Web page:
The pilot of a small plane that crashed in southwestern Ontario caught the flying bug young, joining the Royal Canadian Air Cadets at 12 and earning his gliding and powered-flight licences as he rose to the highest rank in the organization.
Police on Sunday identified Marko Misic, 20, as the pilot of an ill-fated sightseeing trip that left four dead, all from the Toronto area. Mr. Misic's older brother, Tony, said that the victims were friends who shared an interest in aerospace.
Shortly before sunset on Friday, the young pilot was at the controls of a Cessna 172 that ran into difficulty. The rented four-seater plane crashed into a field in Mapleton Township, northwest of Kitchener, Ont., killing everybody on board.
Vivienne Luk, whose 19-year-old younger sister Victoria was one of the victims, said the trip was meant to be an adventure to mark the end of summer. She explained that her family was protective and wouldn't normally allow what they thought of as riskier activities. But her sister had never been flying and persisted.
"We thought, you know, she had spent all summer working and she was doing really well in school – and she really wanted to go," Ms. Luk said. "So we thought we would give her this opportunity."
Victoria Luk was about to start her third year in industrial engineering at the University of Toronto and knew Marko Misic through her summer job at Bombardier, where he was also working. She was set to be a bridesmaid at her older sister's wedding, which was scheduled for this Saturday.
"The last time I saw her was her practising walking down the aisle, walking to the pace of the music," Ms. Luk said. "And that was the last activity we did together."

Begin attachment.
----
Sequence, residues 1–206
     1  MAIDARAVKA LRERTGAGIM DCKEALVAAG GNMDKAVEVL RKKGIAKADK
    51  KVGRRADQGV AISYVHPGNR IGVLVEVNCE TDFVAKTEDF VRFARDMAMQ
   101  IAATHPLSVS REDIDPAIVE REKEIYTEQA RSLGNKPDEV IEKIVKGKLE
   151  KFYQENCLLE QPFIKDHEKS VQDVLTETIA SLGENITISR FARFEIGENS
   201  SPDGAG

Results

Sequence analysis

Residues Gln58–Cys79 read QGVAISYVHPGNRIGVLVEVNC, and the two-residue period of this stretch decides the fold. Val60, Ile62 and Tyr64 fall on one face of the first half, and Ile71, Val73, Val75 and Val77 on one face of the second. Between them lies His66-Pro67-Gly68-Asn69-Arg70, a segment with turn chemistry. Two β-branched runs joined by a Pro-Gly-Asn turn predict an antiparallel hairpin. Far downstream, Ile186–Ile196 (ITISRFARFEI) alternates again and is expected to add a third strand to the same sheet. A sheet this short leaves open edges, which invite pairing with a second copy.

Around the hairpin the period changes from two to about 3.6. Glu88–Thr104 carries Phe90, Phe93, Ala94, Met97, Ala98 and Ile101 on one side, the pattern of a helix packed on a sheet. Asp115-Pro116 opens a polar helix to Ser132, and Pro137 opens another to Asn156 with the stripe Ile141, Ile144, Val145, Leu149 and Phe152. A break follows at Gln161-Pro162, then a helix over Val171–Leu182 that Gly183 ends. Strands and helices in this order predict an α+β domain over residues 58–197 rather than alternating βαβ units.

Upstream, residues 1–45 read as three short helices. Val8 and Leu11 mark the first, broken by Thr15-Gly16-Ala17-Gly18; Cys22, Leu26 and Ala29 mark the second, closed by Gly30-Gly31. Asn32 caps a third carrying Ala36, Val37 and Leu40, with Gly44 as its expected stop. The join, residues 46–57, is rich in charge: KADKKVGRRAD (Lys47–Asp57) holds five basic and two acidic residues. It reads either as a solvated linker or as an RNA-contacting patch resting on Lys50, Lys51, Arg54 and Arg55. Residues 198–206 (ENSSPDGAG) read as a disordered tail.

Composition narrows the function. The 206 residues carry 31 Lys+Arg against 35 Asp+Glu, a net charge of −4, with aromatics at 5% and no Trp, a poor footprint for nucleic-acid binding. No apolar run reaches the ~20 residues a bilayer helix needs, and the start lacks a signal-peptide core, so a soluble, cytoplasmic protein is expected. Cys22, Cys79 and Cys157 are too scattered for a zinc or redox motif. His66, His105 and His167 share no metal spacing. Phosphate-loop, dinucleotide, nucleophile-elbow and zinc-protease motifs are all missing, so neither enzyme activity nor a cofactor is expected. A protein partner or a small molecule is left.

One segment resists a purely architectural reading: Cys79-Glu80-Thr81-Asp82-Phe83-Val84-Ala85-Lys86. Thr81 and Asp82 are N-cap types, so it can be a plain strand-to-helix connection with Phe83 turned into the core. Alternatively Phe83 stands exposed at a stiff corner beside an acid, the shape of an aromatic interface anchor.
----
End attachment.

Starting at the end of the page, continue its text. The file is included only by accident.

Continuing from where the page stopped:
Mohammed Shahnawaz Zia, 23, and Wasay Rizwan, 27, both from the Toronto area, were also killed in the crash, according to police.
Mr. Misic and all three of his passengers were employees at Bombardier, where they worked in maintenance engineering for commercial aircraft at the company's Toronto site.
Mr. Misic and Ms. Luk were summer students, while Mr. Zia and Mr. Rizwan were permanent employees, a company spokeswoman said.
"We are deeply saddened by this loss," Christina Peikert said on Sunday evening.
The incident, which is under investigation by the Transportation Safety Board of Canada, has left four families reeling.
"He was my best friend; me and him did everything together," said Tony Misic. "It's really tough. I just believe he's still beside me. He's still with me."
Mr. Misic recalled Sunday afternoon that he and his brother had joined the cadets at the same time. "He just fell in love with it," he said. "He knew that's what he wanted to do for the rest of his life."
Marko Misic rose in his cadet squadron to the rank of Warrant Officer 1st Class, picking up a number of flying awards along the way. He dreamed of using his flying skills to fight forest fires, helped inspire his sister Josipa to join the cadets and get her own pilot's licence and later earned his commercial license, allowing him to carry paying passengers. He was studying aerospace engineering at Ryerson University and was about to start his third year, Tony Misic said.
A TSB investigator probing the crash was not available for an interview Sunday and Bob Connors, the general manager of the Waterloo Wellington Flight Centre, from which Marko Misic rented the plane, did not want to speculate on the possible cause of the crash. What is known is that the plane appeared to lose power before going down.
Llori Nicholls and her husband were walking their dog when they saw a plane flying erratically. They initially thought the pilot might be doing stunts but then heard the engine sputtering.
"The nose was pointed straight down," she told the CBC. "Unfortunately the engine gave completely out. It went dead silent and plummeted down. And within a second or two we heard a really loud bump and our hearts sank."
Mr. Connors said Mr. Misic was a regular at the flight centre. The trip Friday was planned to include a journey to Toronto and then to Niagara Falls, Mr. Connors said, but the pilot appeared to have changed his mind and returned without visiting the falls.
The plane was spotted on radar as it passed Waterloo, according to Mr. Connors, and continued north before crashing in a region where pilots often trained.
"It would be an area he was familiar with," he said.